In order to help guarantee the viability of our commercial premises, and thus the vitality of our town centres, all businesses should be able to advertise themselves successfully. At the same time, however, their advertisements need to pay due regard to their surroundings and be part of the overall design of the host building. Scale, form, detailing, lettering style and colour are the key determinants in achieving this and in ensuring that a new advertisement does not appear as an unsympathetic appendage. The following sections offer practical advice on the main sign types: -
Wherever possible, fascia boards should be an integral part of a shopfront. Where this is not possible, the board should be edged with a properly moulded timber frame. Hand painted finishes are preferred particularly for historic buildings and conservation areas. However, other surface materials can be considered providing they have non-reflective finishes and restrained colours. The board itself should be sized to fit comfortably between window openings without obscuring arches and sills.
Where a fascia is undesirable, small sign boards fixed alongside an entrance door, or on an end gable, can often be adequate. Again, hand painted signs are the preference in historic contexts but they are not the only solution. Often metal plaques can provide an attractive alternative, particularly when advertising legal practices. Such signs should be restricted in number and size to prevent visual clutter.
Hanging signs are a traditional method of drawing attention to business premises when viewed along a street. As such, their use is normally encouraged subject to their size, design and position on a building. Hanging signs should be restrained in size and not more than 0.9m x 0.6m. They are probably most effective as a simple framed rectangle with its shortest side attached to an iron bracket. However, individually-shaped trade symbols can also be successfully hung in this way. They are best sited between first floor windows taking care not to overhang the highway.
Petrol Stations & Garages
The LPA accepts that the travelling public need to be able to readily identify the presence of a garage in daylight and in darkness. Consequently, the need to display obvious advertisements is recognised. However, it is expected that all contraints regarding height and numbers of advertisements will be observed and that signs will be designed and presented in an orderly way. Lettering and decorative strips attached to the fascia of a canopy are particularly intrusive and should be avoided.
Parish Notice Boards
The provision of small well-designed notice boards at appropriate points in a village will be encouraged as an alternative to unsightly fly-posting.
Sale of Produce Signs
These signs frequently appear in rural areas advertising the sale of farm produce, flowers, etc. Often home made, these signs can remain in place for long periods to cover the seasonal availability of produce. The LPA will make every effort to encourage the display of properly designed signboards that have inter-changeable slats allowing details to be varied as required.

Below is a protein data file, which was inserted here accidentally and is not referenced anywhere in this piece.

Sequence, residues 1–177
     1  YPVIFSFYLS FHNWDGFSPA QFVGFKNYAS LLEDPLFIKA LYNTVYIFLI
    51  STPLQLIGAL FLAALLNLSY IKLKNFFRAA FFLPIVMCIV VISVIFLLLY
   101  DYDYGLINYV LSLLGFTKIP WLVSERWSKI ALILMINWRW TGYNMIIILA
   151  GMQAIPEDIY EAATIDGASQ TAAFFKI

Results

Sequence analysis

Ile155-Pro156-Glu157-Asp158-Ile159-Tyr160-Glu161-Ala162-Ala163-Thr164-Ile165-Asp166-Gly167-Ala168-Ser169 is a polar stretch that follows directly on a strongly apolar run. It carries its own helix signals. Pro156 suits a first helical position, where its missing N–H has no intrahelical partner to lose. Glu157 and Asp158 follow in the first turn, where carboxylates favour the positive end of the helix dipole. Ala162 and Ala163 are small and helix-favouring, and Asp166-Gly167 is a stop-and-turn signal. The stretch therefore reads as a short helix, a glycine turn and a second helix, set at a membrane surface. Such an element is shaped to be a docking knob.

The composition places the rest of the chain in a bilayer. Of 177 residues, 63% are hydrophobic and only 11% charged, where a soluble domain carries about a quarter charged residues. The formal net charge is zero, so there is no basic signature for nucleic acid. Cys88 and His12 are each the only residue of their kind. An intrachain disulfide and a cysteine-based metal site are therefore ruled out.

Advance Warning or Directional Signs
The LPA rarely allows advance warning signs on the basis that they can create inappropriate visual clutter, particularly in rural areas. Moreover, they are likely to be a distraction to drivers and could prejudice highway safety. On the rare occasions that they are necessary, such signs should be limited to a ‘finger post’ style, similar to those drawing attention to public footpaths. Where signs are required for tourist attractions, they should be ‘brown signs’ as erected by the Highway Authority.
In any advertisement, the choice of lettering can hugely influence appearance. Therefore, care should be taken in selecting a font which reflects the character of the building rather than the nature of the business. The size of letter should have a comfortable relationship with the depth of the fascia or the overall size of the sign, whilst clarity and impact should rely on well chosen colours rather than excessive size. Light coloured lettering on a dark background is usually most effective. Individual letters in a classical style fixed directly to the wall can be acceptable where a fascia board is not appropriate.
Illumination has a role to play in energizing our settlements and making them attractive places, particularly in the winter months. However, care needs to be taken to ensure that the mode of illumination is appropriate for its surroundings. Within North Norfolk, the low-key nature of our market and coastal towns is in contrast with some of the bigger seaside resorts where high impact advertising is the norm. Hence, the emphasis will continue to be on the discreet use of trough lighting rather than internally illuminated box signs and fascias. However, the latter may occasionally be accepted where the illumination levels are restrained and restricted to the lettering or logo only. Internally-illuminated, individually-applied letters may also be considered where only the outline of the letter is illuminated (known as halo illumination).